To say that perfection doesn’t exist is not a novel idea. We all know (or should know) that striving for perfection is unattainable and unsustainable, and eludes us precisely because it is merely a vapor of the imagination. Yet that does not stop us from pursuing perfection in nearly every aspect of our lives, especially our lives as students. Oftentimes, academia is predicated upon perfection, and creates a mentality that makes our self-worth contingent upon the accomplishments, accolades, creations, opportunities and praise that we receive. This mentality is dangerous– yet so seductive. We think to ourselves, “If I belong to such and such club, or earn this position or win this award, I’ll look like I have everything together.” Without explicitly saying the words, we are entertaining the notion of perfectionism, the idea that we can chase the impossible dream of being the “perfect” person, admired and revered by all who dare to behold us.
In doing so, we forsake the validity of ourselves as imperfect, human creatures. We deny ourselves the freedom of making mistakes and creating works of beauty and meaning from the deconstruction that occurs when we step back, reevaluate, dismantle and compose. Perfectionism eliminates the process of discovery that is not only inherent to creating works of art, but to life as a whole. It forces us to operate within a binary, which severely limits the exchange of ideas within the self and between other people. Often, we weigh the risks of “not being perfect,” but fail to evaluate the risks of perfectionism – the withering of deep, meaningful human connections, and the flowering of the vulnerable, courageous self that is unafraid to express its perspicacity.
The notion of perfectionism has long resonated with me, for all the wrong reasons. Its intoxicating, seductive promises struck chords with me, and for a long time, I immersed myself in this mindset. The part of me that longed to be vulnerable and gentle with myself had been smothered by the virulence of perfectionism. It felt more important to strive to be perfect than to exist embracing every aspect of myself. Yet in embracing the intricacy and imperfection of myself, I now can reveal the beauty there is in drawing power and meaning from every reservoir of my being.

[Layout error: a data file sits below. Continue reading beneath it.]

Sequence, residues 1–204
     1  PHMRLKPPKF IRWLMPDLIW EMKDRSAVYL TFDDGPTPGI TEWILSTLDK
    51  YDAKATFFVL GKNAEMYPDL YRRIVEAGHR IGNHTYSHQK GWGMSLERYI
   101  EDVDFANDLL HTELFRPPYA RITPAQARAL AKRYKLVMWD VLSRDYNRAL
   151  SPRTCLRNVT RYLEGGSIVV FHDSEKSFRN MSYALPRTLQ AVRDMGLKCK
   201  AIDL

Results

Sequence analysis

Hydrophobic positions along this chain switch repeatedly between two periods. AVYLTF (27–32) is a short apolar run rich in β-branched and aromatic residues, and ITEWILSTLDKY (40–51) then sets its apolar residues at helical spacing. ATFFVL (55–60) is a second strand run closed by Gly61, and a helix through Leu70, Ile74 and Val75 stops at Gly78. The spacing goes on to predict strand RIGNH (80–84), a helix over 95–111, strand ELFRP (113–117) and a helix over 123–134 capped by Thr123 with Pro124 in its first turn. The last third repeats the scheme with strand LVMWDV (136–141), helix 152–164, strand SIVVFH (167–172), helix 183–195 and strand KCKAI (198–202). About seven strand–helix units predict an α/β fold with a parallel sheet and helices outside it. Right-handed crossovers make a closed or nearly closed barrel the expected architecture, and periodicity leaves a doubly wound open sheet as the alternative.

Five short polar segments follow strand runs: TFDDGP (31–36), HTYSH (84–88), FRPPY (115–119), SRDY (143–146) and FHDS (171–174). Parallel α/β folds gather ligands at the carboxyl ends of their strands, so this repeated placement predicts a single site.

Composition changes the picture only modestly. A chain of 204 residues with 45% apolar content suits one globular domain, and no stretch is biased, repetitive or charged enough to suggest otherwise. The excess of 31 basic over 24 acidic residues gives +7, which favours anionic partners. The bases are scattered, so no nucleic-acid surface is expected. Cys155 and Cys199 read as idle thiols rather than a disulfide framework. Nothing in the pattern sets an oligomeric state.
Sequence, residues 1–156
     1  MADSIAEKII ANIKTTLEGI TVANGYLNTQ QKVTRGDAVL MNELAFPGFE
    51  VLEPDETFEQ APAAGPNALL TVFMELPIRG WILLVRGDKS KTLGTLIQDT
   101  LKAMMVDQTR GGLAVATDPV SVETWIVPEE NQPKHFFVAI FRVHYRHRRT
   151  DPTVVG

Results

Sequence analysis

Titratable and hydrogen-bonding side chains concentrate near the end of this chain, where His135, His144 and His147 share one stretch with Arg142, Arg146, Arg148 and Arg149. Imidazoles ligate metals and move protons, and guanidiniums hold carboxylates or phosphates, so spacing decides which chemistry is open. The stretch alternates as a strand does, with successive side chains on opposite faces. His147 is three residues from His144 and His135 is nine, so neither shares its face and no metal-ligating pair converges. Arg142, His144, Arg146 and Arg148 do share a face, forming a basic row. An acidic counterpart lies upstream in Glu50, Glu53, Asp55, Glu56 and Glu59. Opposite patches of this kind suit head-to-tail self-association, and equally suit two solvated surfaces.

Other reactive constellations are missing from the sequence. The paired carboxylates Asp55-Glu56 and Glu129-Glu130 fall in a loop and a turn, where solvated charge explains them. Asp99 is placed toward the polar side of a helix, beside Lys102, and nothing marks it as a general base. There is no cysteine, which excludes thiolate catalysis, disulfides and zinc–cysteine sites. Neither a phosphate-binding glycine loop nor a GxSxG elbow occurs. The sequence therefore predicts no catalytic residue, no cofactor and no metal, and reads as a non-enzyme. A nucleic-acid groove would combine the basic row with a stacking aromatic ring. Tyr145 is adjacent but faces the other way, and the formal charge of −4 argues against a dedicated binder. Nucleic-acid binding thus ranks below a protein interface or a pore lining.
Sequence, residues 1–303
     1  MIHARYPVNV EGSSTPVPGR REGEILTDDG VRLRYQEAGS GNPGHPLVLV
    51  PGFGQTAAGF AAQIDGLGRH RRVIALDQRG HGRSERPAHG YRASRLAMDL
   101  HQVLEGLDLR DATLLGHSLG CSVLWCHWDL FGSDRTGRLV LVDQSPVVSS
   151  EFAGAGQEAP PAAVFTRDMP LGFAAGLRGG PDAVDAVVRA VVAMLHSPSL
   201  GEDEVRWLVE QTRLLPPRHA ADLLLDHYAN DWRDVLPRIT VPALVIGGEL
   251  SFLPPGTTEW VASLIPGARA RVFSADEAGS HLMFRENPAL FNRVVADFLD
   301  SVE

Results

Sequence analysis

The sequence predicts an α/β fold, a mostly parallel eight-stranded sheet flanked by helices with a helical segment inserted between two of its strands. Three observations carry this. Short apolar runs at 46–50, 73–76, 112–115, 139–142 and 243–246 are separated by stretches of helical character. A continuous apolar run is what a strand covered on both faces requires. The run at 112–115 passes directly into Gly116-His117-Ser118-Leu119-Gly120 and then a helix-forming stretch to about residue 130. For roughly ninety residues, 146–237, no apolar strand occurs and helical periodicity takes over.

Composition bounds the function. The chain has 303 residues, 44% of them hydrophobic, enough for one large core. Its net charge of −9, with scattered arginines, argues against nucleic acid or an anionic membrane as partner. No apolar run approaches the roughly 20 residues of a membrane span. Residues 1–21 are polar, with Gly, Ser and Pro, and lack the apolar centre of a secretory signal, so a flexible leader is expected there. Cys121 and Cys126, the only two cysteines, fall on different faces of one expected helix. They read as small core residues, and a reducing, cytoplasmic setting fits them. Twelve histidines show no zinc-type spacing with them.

Certainly, the task of embracing imperfection is not easy – but the reward is invaluable. To give yourself the space to be a flawed human being rather than chase the perpetually elusive ideal of perfection unfurls a wealth of expression, of variegated modes of being, of possibility and of self-awareness that are crucial to becoming a whole, integrated being. If we are humans suspended between becoming and being, it would best suit us to engage in the cultivation of our “selves,” so that we might more fully participate in the discovery and creation of our lives. Doing so requires our liberation from the constraints of perfectionism, for the allure of “the perfect” is wholly dissonant with the infinitude of our beings.
Imperfection does not mean inadequacy; instead, it means the cognizance that we are in the process of reaching our own fulfillment, without having achieved it yet. It is to accept and tolerate our burgeoning selves with kindness. Too often students struggle with acquiring the next perfect jewel in the diadem of being – the next perfect grade, the next perfect score, the perfect internship – and equate these insignias of “perfection” with self-worth. It is okay to not be perfect. It is okay to show kindness and compassion to yourself. It is OKto struggle, to have questions, to be confused, to ask for help – this all shows inquisitiveness, which is paramount as we look to derive insight into ourselves and the structures of the world. To be inquisitive is to be a proactive, dynamic learner who wishes to discover and unveil the mysteries that pervade existence. We are already equipped to do so – what’s left is to give ourselves permission to be imperfectly infinite.